Letters worth close look
I HOPE property owners on the Central Coast and in the Lower Hunter areas who received letters from NSW Planning, Industry and Environment about the 'Annual Update of the Transitional Native Vegetation Regulatory Map' took the time to read the detail and get further information.
If it is proposed to classify their land 'Category 2 - Sensitive Regulated Land' they may find they will be prevented from continuing current farming and other pursuits as large portions of their land could be quarantined due to being deemed as having "important ecological values".
Under Category 2 they will be unable to conduct any land management activities without first contacting the Local Land Services office to determine what activities are allowed. Under the proposal clearing, including underscrubbing of trees and shrubs, clearing regrowth of any height, clearing native grasses or other clearing, is prohibited.
This policy presents serious concerns as it will prevent pile burning and reduction of bushfire hazard by owners (even if in a bushfire-prone area), thereby increasing the risk of stock and property losses. It will be impossible to dig new dams or erect new buildings. No slashing will be permitted so weeds will proliferate.
The classification has the potential for significant negative impact on property sale prices. There will be no financial compensation for any losses, financial or otherwise.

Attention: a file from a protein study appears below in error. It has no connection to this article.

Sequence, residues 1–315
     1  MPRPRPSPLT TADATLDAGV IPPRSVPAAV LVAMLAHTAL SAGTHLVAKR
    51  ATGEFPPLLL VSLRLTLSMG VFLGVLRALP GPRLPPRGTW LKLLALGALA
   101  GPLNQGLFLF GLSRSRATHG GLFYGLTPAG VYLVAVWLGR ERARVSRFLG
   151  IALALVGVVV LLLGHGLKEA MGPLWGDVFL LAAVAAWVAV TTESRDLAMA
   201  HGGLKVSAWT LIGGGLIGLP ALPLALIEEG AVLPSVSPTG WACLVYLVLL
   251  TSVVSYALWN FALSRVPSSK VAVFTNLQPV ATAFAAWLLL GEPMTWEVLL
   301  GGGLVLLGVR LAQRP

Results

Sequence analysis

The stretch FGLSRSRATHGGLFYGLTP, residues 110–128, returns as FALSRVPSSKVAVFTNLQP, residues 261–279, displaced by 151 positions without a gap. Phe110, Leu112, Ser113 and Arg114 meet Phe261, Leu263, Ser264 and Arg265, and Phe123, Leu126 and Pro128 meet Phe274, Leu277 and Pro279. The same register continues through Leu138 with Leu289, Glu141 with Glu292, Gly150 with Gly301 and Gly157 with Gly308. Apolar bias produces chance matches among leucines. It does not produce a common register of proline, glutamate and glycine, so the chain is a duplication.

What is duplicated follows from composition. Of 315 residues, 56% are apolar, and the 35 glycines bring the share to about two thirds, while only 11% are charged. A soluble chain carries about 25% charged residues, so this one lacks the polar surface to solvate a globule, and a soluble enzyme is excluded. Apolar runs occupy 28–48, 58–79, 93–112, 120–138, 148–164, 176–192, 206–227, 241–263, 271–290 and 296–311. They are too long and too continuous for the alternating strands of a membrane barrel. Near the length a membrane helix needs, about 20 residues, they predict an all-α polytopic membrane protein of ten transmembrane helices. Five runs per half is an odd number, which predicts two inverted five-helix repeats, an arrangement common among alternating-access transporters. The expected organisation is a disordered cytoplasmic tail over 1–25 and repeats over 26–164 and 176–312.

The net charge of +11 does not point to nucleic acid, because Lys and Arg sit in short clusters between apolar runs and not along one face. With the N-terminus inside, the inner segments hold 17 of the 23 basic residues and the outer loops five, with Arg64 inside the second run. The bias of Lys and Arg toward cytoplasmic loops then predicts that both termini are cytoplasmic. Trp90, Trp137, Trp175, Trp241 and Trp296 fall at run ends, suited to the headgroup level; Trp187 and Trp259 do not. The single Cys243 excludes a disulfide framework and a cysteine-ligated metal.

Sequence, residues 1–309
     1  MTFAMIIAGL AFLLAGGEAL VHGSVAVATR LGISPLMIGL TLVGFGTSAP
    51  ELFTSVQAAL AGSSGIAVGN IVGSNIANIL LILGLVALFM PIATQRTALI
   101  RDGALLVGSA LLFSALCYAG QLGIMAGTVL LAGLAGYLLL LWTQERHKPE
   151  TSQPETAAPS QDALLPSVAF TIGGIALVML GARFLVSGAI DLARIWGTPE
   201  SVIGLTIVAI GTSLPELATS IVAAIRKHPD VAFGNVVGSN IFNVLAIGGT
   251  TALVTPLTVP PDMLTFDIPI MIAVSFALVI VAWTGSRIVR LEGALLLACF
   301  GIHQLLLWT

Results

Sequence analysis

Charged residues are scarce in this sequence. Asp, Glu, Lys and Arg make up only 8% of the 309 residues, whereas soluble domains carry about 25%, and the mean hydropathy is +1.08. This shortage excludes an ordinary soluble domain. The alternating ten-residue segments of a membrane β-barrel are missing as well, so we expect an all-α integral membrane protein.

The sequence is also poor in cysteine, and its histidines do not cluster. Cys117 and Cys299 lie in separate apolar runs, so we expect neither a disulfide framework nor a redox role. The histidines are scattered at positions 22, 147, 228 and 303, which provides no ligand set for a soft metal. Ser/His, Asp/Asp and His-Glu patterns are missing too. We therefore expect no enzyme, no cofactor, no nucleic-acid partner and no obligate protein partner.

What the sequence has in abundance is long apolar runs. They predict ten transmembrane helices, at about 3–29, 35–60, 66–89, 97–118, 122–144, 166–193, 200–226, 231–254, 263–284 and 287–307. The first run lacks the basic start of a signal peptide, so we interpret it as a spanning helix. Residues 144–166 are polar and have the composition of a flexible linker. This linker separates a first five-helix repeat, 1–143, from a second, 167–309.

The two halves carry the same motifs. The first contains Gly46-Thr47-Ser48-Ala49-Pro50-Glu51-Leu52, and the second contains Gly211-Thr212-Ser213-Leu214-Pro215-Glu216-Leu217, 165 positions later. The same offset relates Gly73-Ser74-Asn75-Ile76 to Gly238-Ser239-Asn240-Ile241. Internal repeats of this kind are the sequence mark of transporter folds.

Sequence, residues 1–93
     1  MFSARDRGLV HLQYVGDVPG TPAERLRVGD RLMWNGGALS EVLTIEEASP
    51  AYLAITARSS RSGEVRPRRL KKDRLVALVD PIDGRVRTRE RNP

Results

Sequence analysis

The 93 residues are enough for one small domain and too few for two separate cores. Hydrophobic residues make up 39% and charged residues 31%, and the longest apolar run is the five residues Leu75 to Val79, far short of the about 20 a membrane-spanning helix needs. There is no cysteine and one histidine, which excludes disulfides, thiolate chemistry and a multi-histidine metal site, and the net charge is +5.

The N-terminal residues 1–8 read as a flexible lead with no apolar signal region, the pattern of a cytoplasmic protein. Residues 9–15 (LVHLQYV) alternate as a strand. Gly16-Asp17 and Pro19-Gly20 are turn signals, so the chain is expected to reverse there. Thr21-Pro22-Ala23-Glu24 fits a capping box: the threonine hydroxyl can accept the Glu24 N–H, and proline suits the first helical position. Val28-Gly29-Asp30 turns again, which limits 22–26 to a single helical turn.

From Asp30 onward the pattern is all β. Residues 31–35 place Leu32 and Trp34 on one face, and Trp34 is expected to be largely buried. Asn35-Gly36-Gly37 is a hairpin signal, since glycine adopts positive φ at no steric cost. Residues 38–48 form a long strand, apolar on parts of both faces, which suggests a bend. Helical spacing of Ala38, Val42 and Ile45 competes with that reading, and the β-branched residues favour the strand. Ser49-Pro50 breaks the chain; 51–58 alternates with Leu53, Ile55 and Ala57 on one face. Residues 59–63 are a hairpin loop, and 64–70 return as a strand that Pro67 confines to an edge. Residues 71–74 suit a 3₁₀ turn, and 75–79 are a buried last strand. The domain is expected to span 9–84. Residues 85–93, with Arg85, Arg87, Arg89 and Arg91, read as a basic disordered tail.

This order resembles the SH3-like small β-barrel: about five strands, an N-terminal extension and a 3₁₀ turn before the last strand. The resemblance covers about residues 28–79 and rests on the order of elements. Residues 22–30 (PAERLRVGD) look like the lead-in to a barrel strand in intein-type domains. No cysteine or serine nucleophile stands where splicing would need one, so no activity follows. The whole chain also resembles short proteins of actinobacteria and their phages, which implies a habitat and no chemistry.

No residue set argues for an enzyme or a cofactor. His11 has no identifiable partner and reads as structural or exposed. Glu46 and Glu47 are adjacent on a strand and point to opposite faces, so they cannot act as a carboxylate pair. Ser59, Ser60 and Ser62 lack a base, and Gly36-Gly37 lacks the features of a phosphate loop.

The date for lodging submissions has expired, however anyone who objects to having their land autocratically quarantined by the NSW Government should seek an extension from the Department; apply for a Category Explanation Report; make a submission; and consider submitting a Native Vegetation Regulatory Map Review application.
If they are unsuccessful they should then seek the assistance of their state MP.
- Jane Graham, Cooranbong
Acts of kindness
I WOULD like to send my thanks to the motorists who stopped to help me on Wednesday, October 23. I had fallen on the road in Rosedale Communities and was visible to drivers travelling on Deaves Road. Several drivers stopped to render assistance and I thank you all very much. I broke my left hip but am now recovering well.
- Greer Whalen, Cooranbong
Plea to boat owners
NO longer is our waterway at Brightwaters, Windermere Park and Morisset Park crystal clear and pristine. Instead we have fuel and oil slicks, increased lake seaweed issues, and generally dirty lake water to swim, kayak, canoe and paddle board in.
Not only these issues, however, but the speed at which the luxury boats approach and leave the Trinity Point marina leaves our shoreline looking like a surf beach. The erosion this is causing to the lake's edge is immense.
The boats are severely hampering the lifestyle many of us have worked extremely hard over the years to afford. The lake belongs to all.
Could the owners of the luxury boats please be mindful of the speed they travel and the rubbish they dump into the lake? You may not live here, but I do. I value and respect the lake. You should, too.
- Leanne Molenaar, Brightwaters
Car park speeding
I AM bemused by the speed at which people drive in car parks. It's as if Coles was about to run out of bread. Don't these clowns realise that as soon as they get out of their cars they become pedestrians? If you can't control the urge to speed, have your groceries home delivered.
- Geoff Smith, Mount Hutton
Selling salad sandwiches
HUNGRY Jacks is spending a lot of money advertising a salad sandwich. Will the Whopper shoppers take to it?
- Steve Barnett, Fingal Bay